As UCLA graduate student Bryan Kirschen tried to start his weekly class in Judeo-Spanish at the Skirball Cultural Center in Los Angeles, his unruly students, all in their golden years, were getting out of hand, vying for his attention.
In their excitement about the subject of his class, one student urged him to copy a CD of songs in Judeo-Spanish, also known as Ladino, a language that Spain’s Jews took with them when they were expelled during the Inquisition. Another wanted him to look over her family’s 19th century Torah, half of which is written in Hebrew, the other half in Ladino. A third student tried to get him to admire her heirloom scarf.
Meanwhile, two other students had already left the class to chat in the hallway because they had just discovered they were distantly related.
“They just get so excited that keeping control can be a challenge,” Kirschen later admitted of his Ladino class that consists mostly of retired Sephardic Jews.
The Ph.D. candidate in Spanish linguistics has only himself to blame. In his five years at UCLA, Kirschen has developed an international reputation as a tireless advocate for the endangered language that is often described as the Spanish equivalent of Yiddish.
Through research, conferences and classes both on and off campus, Kirschen is rekindling passion for this spicy linguistic brew of 15th century Spanish, Hebrew, Greek, Turkish and Arabic. And he’s winning over not just Jews to Ladino, but a Presbyterian, a Mormon and an astrophysicist who was raised Catholic, all students in his weekly class at UCLA.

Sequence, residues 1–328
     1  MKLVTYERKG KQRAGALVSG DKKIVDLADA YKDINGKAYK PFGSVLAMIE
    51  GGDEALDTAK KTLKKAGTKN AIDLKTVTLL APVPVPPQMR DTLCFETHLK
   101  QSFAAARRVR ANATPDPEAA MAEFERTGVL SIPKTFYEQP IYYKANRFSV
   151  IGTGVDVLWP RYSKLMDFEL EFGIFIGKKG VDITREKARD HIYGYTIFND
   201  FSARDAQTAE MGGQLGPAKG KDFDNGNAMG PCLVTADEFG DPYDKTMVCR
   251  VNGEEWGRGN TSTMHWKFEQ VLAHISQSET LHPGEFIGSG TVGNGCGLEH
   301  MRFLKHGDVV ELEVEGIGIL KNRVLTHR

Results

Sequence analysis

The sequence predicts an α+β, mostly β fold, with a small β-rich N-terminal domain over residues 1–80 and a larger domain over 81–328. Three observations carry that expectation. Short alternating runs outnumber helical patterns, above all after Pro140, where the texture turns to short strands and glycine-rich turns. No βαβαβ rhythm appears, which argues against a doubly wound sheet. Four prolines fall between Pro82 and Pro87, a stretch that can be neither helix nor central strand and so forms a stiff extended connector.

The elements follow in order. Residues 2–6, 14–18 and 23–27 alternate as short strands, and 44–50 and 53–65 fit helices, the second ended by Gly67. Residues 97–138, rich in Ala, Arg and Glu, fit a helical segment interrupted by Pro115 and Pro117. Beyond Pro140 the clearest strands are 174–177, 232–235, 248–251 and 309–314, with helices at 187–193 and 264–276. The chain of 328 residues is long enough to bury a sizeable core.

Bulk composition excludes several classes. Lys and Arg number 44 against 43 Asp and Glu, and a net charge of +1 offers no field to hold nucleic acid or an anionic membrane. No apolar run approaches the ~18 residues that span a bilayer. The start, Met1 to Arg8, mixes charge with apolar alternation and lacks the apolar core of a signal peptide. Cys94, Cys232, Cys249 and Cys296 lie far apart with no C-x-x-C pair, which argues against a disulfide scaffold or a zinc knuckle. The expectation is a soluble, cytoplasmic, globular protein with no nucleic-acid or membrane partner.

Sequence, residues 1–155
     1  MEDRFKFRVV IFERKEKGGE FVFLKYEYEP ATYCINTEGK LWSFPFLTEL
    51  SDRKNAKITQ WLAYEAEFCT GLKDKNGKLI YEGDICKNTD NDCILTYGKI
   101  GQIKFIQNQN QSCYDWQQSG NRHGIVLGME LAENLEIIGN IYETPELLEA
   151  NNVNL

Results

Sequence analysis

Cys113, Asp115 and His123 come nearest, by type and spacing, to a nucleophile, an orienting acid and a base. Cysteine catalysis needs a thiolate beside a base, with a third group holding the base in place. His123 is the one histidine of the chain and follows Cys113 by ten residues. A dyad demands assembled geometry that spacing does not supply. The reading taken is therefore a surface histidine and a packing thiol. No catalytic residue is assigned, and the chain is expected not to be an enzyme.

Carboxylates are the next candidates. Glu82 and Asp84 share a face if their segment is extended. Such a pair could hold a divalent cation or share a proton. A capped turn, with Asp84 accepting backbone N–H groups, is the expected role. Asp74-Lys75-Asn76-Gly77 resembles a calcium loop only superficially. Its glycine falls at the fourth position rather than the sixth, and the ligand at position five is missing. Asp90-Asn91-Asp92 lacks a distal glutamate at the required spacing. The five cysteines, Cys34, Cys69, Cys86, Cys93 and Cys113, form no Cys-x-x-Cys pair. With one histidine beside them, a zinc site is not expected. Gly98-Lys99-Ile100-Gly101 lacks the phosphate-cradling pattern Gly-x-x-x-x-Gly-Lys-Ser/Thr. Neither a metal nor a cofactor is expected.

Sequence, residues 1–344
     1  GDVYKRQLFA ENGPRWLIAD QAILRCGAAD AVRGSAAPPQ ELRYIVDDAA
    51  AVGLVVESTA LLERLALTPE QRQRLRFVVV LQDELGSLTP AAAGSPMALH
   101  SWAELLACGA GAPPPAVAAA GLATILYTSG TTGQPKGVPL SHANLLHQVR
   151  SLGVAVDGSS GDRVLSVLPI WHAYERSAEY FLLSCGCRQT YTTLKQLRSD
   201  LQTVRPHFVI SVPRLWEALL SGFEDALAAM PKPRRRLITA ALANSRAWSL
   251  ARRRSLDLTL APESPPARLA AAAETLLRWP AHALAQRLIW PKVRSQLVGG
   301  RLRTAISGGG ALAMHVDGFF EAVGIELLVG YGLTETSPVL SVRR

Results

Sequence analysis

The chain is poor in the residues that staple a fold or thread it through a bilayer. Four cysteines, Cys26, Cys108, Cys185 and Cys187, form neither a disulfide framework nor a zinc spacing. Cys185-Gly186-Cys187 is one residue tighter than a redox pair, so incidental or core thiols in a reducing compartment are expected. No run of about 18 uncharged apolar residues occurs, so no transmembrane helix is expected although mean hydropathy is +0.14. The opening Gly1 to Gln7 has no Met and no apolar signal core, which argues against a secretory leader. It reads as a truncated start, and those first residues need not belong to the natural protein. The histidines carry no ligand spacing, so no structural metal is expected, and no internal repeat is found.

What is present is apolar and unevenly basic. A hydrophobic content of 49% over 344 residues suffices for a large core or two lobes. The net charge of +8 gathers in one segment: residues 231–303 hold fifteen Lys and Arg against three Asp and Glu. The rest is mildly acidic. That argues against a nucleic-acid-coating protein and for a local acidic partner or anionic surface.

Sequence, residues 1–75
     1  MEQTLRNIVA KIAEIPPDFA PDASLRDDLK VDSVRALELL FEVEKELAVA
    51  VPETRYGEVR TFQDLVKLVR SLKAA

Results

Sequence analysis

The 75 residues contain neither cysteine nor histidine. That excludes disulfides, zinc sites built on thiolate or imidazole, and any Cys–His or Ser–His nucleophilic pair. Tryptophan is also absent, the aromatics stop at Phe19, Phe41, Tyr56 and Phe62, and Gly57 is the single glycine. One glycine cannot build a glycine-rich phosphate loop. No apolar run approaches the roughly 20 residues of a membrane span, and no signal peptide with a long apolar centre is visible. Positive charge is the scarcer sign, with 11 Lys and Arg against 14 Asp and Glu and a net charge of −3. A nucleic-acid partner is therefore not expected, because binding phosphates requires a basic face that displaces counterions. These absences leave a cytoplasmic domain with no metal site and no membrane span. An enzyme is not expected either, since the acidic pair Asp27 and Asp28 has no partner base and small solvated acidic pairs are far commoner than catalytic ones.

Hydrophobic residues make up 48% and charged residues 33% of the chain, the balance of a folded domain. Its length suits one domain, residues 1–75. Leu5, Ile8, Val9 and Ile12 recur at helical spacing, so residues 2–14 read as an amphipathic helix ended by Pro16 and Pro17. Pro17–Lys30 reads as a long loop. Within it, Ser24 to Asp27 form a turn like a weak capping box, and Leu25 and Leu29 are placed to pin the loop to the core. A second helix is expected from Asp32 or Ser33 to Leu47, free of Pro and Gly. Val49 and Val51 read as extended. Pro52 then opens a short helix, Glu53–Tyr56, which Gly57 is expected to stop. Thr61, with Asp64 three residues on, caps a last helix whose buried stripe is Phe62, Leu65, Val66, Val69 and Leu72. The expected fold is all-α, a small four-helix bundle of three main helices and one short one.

“He’s attracting people from everywhere,” said Claudia Parodi, Kirschen’s dissertation advisor and a UCLA professor of Spanish.
Most of the activities around Ladino are sponsored by ucLADINO, a student-run organization that Kirschen co-founded five years ago.
Under his direction, the group hosts an annual conference on campus. This year, it will be held on March 3-4. The ucLADINO Judeo-Spanish Symposium is believed to be the only ongoing scholarly conference dedicated to Ladino in the U.S. First held four years ago, the event has grown from a one- to a two-day affair, and attendance has tripled, drawing Ladino experts from all over the world as well as community members — most in their 70s and 80s — who grew up speaking the language or hearing their “nonas” or “papus” doing so.
“Fifty years ago nobody would’ve imagined that Ladino would have a second life,” said Rachel Bortnick, a retired teacher of English as a second language in Dallas, Texas. She runs a 16-year-old Yahoo group for Ladino speakers. “The conference gives me hope that it’s possible.”
A highlight this year will be the Southern California premiere of a documentary that Kirschen recently completed with independent scholar Susanna Zaraysky. “Saved by Language” (See movie trailer below) tells the story of a Bosnian man whose life was saved on two occasions during World War II because he was able to speak Ladino and make himself understood by both an Italian and a Spanish speaker. Ladino is close to both languages.